Should one party either dismiss or abandon its claim or counter-claim before hearing thereon, the other party shall be deemed the “prevailing party” pursuant to this Agreement. Should both parties receive judgment or award on their respective claim, the party in whose favor the larger judgment or award on their respective claim, the party in whose favor the larger judgment or award is rendered shall be deemed the “prevailing party” pursuant to this agreement.
This provision shall in no way effect or limit any rights Seller may have to enforce any security granted by law including but not limited to statutory right to repossession, warehouse man’s lien, mechanic’s liens, personal guaranties of BUYER’s principles, etc.
XIII. SERVICE CHARGE
A service charge of 1% per month (12% per year) will be made on past due accounts.
XIII. Put here the various clauses and terms that exist in your existing forms that you consider necessary…such as payments in Euros, etc.
TYPES OF FORMS
Assuming the terms and conditions are on the back of your PO or invoice form, place at the bottom of the form, SUBJECT TO TERMS AND CONDITIONS ON THE REVERSE and make sure that is large enough to be easily seen. Your signature line should be below that warning.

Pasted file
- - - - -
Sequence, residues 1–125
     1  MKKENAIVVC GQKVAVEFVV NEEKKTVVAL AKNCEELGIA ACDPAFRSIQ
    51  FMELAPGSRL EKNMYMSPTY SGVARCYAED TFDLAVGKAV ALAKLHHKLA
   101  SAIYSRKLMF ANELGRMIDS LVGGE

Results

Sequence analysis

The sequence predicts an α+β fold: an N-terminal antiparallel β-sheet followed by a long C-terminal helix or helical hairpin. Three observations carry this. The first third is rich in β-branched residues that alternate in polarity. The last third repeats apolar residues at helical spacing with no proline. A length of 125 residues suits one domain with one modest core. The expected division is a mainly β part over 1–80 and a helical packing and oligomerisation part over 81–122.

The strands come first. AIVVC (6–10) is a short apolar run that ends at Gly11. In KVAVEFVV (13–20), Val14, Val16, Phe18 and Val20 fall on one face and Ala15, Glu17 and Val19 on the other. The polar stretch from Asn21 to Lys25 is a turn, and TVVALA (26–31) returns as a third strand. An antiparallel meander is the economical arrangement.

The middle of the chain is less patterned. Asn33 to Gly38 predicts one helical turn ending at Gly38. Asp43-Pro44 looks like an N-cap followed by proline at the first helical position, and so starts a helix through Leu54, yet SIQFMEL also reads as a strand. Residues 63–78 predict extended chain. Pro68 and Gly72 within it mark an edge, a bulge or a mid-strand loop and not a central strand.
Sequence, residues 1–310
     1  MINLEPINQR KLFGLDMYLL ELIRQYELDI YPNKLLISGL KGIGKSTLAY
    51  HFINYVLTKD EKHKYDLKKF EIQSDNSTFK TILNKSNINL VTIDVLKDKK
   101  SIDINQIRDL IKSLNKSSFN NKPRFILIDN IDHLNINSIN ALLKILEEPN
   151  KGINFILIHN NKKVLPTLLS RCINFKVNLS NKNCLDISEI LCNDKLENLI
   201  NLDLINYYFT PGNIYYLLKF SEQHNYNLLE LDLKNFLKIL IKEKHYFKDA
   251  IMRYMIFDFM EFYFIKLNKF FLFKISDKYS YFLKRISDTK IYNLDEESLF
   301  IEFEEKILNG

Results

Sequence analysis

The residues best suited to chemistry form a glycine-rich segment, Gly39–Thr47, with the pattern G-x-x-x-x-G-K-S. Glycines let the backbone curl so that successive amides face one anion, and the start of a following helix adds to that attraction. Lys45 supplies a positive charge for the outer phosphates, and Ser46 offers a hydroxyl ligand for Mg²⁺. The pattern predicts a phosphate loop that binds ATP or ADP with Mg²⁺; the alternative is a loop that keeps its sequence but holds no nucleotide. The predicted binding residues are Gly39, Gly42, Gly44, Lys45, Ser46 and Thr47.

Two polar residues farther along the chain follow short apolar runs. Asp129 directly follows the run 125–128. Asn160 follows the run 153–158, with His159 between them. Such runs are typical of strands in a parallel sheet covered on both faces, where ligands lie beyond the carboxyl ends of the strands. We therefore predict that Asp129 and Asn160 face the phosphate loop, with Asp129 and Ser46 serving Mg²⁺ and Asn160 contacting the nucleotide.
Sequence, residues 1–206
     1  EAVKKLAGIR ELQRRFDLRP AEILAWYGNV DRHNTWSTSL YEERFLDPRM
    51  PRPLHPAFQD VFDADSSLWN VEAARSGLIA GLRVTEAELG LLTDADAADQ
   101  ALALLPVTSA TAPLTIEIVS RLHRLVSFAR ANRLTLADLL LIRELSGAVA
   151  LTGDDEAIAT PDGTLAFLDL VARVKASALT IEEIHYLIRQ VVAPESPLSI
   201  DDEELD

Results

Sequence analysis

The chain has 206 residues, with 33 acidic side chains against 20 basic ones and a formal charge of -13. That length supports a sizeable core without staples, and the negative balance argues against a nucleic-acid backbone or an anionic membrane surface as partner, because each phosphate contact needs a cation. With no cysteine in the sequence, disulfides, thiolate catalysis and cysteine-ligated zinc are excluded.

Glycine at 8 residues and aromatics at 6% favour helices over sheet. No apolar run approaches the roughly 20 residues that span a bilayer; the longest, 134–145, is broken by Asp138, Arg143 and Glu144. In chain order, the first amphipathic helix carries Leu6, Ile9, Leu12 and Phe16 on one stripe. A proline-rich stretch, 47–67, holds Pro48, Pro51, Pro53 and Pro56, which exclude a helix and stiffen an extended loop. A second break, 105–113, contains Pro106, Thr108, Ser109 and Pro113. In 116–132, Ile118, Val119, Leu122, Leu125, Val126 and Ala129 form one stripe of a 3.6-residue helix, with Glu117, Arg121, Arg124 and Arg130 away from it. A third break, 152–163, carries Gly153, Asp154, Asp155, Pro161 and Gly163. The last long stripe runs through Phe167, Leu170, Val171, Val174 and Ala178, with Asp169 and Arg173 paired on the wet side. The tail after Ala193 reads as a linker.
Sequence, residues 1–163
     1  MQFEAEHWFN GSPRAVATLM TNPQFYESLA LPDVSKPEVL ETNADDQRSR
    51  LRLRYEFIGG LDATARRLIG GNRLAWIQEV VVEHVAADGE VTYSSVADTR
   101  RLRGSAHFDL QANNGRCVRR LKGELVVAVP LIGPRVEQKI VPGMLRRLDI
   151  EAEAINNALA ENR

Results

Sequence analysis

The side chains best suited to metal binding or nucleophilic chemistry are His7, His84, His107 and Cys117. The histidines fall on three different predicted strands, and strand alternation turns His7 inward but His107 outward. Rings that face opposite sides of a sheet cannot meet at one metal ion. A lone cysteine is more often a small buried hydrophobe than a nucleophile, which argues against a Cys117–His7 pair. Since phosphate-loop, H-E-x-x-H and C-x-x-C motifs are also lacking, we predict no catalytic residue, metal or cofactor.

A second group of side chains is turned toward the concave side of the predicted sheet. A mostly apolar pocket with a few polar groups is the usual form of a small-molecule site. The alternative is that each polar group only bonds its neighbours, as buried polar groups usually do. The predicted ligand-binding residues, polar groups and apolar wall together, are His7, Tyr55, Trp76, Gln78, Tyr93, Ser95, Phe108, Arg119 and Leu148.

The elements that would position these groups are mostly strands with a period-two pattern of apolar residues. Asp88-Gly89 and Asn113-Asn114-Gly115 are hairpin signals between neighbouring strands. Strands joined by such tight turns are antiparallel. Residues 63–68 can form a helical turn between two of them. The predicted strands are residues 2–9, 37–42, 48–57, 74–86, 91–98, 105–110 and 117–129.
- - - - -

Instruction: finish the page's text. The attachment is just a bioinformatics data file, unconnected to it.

Your terms and conditions must be identical in each form. The important thing is that you do not release for shipment or delivery until you have, in hand, a signed copy with your terms and conditions on them without alteration.
Ideally, you use a Letter of Credit wherever and whenever you can. It may not always be possible…but in certain nations such as China, Russia, the former Soviet Republics, Brazil (!), Greece, any of the Middle East, any nation in Africa with the possible exception of South Africa, you must insist on a Letter of Credit or this protection is minimal. (I happen to think South Africa is as bad as the rest of Africa but some disagree with me there.)
If a letter of credit can not be obtained, try for personal guaranties with arbitration clauses of the owners…so at least you do not have to worry about limited liability entities being gutted so you cannot collect.